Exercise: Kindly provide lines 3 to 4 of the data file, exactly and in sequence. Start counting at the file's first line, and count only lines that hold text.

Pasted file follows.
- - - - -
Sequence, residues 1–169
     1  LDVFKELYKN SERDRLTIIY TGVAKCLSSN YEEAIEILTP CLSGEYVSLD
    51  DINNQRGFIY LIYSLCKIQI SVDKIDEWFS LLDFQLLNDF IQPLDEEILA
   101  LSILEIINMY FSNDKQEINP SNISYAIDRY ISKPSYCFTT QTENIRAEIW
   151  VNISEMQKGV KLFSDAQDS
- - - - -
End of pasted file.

    51  DINNQRGFIY LIYSLCKIQI SVDKIDEWFS LLDFQLLNDF IQPLDEEILA
   101  LSILEIINMY FSNDKQEINP SNISYAIDRY ISKPSYCFTT QTENIRAEIW